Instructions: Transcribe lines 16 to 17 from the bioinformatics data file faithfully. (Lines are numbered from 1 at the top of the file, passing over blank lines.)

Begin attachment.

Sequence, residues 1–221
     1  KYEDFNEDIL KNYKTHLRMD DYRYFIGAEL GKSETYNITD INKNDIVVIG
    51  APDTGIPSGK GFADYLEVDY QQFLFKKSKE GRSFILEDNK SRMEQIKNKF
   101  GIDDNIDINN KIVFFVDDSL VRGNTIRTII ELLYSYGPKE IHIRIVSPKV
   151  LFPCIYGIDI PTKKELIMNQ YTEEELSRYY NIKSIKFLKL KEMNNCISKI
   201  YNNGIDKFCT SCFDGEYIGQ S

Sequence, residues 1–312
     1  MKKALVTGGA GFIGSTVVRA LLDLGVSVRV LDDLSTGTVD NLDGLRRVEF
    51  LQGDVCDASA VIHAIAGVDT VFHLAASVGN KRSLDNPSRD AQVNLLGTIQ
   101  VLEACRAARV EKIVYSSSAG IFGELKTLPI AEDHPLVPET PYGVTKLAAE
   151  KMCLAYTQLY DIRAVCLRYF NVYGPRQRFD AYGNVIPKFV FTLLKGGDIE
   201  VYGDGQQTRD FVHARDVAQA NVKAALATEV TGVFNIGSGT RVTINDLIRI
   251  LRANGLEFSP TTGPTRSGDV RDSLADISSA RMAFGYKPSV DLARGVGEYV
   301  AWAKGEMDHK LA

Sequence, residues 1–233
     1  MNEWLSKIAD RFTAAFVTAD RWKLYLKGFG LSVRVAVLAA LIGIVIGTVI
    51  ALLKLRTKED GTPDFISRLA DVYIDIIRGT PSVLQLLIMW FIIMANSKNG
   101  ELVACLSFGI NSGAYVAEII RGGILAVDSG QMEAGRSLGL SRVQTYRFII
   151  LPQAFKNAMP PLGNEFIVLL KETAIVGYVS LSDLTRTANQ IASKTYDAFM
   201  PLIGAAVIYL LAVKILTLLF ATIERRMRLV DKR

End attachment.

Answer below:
     1  MNEWLSKIAD RFTAAFVTAD RWKLYLKGFG LSVRVAVLAA LIGIVIGTVI
    51  ALLKLRTKED GTPDFISRLA DVYIDIIRGT PSVLQLLIMW FIIMANSKNG